Designing an Experiment or Survey
Suppose you were a consulting statistician* and were given a data set to analyze. What is the first question you would ask? “What statistic should I use?” No, your first question always should be “How were these data collected?”
Experience teaches us that garbage in, garbage out or GIGO. In order to apply statistical methods, you need to be sure that samples have been drawn at random from the population(s) you want represented and are representative of those populations. You need to be sure that the observations are independent of one another and that outcomes have not been influenced by the actions of the investigator or survey taker.
Many times people who consult statisticians don’t know the details of the data collection process or they do know and look guilty and embarrassed when asked. All too often, you’ll find yourself throwing your hands in the air and saying, “if only you’d come to me to design your experiment in the first place.”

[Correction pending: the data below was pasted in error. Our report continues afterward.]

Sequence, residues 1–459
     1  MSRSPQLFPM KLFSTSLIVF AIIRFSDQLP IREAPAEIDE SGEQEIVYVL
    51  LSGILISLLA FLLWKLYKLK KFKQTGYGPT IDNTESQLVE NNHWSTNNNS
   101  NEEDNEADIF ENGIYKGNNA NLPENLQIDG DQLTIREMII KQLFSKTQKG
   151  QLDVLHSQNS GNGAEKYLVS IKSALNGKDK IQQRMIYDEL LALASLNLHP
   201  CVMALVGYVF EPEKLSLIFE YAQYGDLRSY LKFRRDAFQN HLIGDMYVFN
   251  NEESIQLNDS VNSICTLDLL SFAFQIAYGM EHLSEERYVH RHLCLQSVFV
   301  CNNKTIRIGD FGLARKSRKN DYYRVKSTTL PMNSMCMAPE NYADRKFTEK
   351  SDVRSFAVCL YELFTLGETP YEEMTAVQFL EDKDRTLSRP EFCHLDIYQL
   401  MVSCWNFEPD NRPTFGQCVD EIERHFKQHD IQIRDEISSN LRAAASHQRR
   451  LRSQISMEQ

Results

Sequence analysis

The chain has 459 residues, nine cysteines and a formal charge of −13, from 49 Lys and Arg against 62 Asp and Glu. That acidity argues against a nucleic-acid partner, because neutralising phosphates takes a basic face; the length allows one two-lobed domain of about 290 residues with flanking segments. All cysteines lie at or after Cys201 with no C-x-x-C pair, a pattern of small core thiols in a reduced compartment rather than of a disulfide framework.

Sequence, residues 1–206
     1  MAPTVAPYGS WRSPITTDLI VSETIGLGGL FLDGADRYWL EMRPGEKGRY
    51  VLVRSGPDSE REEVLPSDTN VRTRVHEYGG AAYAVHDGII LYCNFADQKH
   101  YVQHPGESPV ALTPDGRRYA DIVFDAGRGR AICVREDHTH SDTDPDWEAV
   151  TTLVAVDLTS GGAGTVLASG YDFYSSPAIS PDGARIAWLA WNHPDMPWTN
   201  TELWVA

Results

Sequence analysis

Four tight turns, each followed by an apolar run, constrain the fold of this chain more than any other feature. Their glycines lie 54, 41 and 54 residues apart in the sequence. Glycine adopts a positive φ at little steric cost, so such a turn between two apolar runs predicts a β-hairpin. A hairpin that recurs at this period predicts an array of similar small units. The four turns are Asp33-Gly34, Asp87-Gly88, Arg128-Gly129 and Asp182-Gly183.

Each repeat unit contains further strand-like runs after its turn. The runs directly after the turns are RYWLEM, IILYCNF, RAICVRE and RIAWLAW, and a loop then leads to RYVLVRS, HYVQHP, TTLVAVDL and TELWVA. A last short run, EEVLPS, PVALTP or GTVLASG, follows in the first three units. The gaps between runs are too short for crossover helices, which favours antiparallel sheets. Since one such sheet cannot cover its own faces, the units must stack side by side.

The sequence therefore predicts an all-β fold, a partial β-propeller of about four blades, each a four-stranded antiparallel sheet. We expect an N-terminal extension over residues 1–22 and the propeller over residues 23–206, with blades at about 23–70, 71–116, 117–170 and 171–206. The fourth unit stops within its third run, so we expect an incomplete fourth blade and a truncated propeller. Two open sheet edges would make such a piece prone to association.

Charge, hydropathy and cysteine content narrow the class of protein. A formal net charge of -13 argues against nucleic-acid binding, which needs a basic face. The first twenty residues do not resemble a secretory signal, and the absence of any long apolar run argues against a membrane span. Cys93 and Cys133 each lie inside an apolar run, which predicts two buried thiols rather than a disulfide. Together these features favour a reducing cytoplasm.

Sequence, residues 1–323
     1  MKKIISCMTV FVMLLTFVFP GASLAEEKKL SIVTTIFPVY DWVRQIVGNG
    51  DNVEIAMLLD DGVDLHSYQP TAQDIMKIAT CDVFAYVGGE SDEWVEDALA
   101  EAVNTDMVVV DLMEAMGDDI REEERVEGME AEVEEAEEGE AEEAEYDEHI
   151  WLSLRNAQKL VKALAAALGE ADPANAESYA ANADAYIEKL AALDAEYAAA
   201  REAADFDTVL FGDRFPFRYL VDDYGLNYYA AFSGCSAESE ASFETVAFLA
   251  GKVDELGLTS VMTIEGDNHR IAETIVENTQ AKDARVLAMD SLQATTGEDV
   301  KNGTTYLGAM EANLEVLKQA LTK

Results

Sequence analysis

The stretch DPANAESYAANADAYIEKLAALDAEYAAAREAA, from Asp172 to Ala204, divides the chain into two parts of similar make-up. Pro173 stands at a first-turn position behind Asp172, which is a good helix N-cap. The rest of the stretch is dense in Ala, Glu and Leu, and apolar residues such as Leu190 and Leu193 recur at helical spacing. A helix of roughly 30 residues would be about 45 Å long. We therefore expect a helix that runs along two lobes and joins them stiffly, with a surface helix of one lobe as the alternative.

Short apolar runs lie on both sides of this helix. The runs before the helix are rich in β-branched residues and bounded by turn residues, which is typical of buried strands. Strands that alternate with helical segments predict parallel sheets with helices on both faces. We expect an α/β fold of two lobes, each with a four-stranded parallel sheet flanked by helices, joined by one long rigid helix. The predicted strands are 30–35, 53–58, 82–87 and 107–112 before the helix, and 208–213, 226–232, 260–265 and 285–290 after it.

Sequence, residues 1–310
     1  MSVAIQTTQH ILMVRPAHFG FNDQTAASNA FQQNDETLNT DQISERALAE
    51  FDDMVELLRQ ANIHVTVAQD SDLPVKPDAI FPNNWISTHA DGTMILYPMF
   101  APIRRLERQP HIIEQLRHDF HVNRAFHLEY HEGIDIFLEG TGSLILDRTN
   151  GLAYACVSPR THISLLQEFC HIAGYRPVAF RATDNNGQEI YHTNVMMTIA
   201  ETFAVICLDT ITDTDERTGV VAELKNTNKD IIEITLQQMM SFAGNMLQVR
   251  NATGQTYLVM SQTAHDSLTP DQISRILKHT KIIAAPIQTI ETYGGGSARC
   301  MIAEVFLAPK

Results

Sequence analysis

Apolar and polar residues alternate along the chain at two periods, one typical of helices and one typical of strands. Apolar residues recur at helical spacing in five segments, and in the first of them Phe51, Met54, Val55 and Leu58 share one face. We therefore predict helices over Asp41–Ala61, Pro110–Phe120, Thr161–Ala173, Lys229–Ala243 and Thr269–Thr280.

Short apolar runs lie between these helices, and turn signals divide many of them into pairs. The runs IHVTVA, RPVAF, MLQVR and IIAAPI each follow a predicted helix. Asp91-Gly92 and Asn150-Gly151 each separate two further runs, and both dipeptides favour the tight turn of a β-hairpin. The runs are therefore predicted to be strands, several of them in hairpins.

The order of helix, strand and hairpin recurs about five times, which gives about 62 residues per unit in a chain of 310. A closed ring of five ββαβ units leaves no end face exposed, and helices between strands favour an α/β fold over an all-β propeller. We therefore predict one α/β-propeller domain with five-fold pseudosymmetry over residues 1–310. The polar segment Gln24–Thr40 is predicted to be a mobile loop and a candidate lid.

The purpose of this chapter is to take you step by step through the design of an experiment and a survey. You’ll learn the many ways in which an experiment can go wrong. And you’ll learn the right things to do to ensure your own efforts are successful.
6.1 THE HAWTHORNE EFFECT
The original objective of the industrial engineers at the Hawthorne plant of Western Electric was to see whether a few relatively inexpensive improvements would increase workers’ productivity. They painted the walls green and ...